Why Mr David Bowie Is… Still A Cultural Icon
Mr David Bowie at the Cannes Film Festival, 1983. Photograph by Mr Richard Young/REX Shutterstock
The documentary of the V&A’s David Bowie Is exhibition, re-released this week, explores the lasting impact of the musician and artist.
A demigod? The most influential musician of the 20th century? A spaced-out oddity? Whatever words you would choose to complete the sentence “David Bowie Is…”, no one can deny what an impact he had on the world during his 50-year career – and continues to have after his death in January.
The Victoria and Albert Museum, AKA the V&A, in London had the foresight to pay tribute to him while he was still alive, having been given full access to his extensive archive. Their extraordinarily successful exhibition _David Bowie Is _proved hugely popular when it opened in 2013 and has since been on a non-stop world tour. (It’s currently showing at Museo d'Arte Moderna di Bologna in Italy.)
A documentary about the exhibition is showing at Vue cinemas and selected venues across the UK today. Here the exhibition’s co-curator, Mr Geoffrey Marsh, explains why you should see it.
Part of the installation from the V&A exhibition David Bowie Is. Photograph courtesy of David Bowie Archive and Victoria and Albert Museum, London
Why did the V&A choose to dedicate an exhibition to Mr David Bowie?
“At the V&A, we not only cover rock and pop as part of the Theatre & Performance strand, but our broader collections also reflect the breadth of David Bowie’s influences, his artistic output and his significance across visual and virtual culture, including music, fashion, photography, graphics, film, theatre and art. For the national museum of art, design and performance, it was a perfect fit.”
Why did you call the exhibition David Bowie Is?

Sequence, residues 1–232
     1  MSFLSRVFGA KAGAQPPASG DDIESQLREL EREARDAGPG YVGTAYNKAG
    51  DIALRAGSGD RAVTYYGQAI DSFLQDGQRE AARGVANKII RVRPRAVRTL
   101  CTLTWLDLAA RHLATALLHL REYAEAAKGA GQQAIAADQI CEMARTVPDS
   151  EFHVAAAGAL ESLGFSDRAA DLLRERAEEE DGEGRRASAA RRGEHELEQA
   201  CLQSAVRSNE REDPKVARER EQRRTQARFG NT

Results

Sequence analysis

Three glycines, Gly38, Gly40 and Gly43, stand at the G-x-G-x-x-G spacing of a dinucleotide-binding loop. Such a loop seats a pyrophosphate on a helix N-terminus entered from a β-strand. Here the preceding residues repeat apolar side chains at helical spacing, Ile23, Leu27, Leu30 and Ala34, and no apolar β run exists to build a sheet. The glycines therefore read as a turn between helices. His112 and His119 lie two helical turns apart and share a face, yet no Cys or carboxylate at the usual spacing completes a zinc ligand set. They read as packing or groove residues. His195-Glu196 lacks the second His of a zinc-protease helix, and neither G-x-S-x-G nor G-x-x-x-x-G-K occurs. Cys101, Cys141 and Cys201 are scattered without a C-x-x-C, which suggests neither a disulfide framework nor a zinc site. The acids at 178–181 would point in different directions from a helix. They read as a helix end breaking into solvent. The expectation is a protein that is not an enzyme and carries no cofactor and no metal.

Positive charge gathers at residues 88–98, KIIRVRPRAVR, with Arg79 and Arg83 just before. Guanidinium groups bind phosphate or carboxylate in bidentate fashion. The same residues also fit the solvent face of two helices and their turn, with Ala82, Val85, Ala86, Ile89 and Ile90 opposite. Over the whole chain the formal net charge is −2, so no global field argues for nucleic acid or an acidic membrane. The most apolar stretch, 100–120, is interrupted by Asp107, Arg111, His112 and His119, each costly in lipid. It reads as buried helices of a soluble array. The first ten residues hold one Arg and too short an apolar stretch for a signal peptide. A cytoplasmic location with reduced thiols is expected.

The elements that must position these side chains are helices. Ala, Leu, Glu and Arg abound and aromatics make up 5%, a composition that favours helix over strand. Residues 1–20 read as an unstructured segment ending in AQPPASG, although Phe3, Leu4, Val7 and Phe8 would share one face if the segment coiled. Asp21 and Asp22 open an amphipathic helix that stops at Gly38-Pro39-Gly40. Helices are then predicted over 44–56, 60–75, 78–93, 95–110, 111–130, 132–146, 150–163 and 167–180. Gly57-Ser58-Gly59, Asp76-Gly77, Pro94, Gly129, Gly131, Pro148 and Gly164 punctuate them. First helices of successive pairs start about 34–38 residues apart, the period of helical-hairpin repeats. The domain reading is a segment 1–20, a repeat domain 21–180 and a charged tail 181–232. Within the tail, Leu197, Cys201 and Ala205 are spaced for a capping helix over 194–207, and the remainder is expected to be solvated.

“The title is both a statement and an unfinished sentence, and poses the question David Bowie is – what? Our approach was to leave that question open, and to highlight the fact that there is no single answer.”
Can you (try to) sum up Mr Bowie’s influence as a cultural icon?
“I think one reason that Bowie has such a continuing fascination with the public is in his radical individualism, which inspired others to challenge convention and pursue freedom of expression. Bowie’s success and enduring appeal is due to a number of reasons. He combined commercial success with critical acclaim; he was a pioneer not only of great music, but also of rock theatre, videos, internet and digital downloads. He always responded creatively to new technology and he was always personally in charge of what he created.”
What are some of the standout pieces in the exhibition?
“This exhibition is a unique opportunity to see together costumes, photography, designs and rare material spanning 50 years of Bowie’s career. The exhibition displays never-before-seen film, including footage from the Diamond Dogs tour at Tower Theatre in Philadelphia and other early film. It also includes many objects illustrating Bowie’s design process: storyboards drawn by Bowie for the “Ashes To Ashes” music video and sketches for a proposed Diamond Dogs film project, handwritten set lists and lyrics including “Heroes”, “Starman” and “Fashion” and paintings made during Bowie’s time in Berlin in the 1970s, as well as some of his own instruments, sketches and diary entries.”
Where is the exhibition going next?
“The exhibition travels to Museo d'Arte Moderna di Bologna (MAMbo), Bologna, Italy, from 14 July until 13 November.”
The documentary film of the V&A exhibition David Bowie Is is re-released in Vue cinemas and selected venues across the UK today